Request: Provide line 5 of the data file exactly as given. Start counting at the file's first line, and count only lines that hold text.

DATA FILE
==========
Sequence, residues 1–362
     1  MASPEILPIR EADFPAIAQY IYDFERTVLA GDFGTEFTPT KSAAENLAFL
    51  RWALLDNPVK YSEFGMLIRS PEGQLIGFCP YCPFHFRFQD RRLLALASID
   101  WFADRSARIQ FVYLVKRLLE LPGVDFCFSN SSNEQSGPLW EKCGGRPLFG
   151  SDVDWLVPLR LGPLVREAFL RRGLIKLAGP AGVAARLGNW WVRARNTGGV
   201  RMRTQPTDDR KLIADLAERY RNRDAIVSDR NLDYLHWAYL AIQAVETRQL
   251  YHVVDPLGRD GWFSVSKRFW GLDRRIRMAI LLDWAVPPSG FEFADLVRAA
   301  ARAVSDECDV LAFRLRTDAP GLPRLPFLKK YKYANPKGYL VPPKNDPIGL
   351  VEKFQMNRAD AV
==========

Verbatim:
   151  SDVDWLVPLR LGPLVREAFL RRGLIKLAGP AGVAARLGNW WVRARNTGGV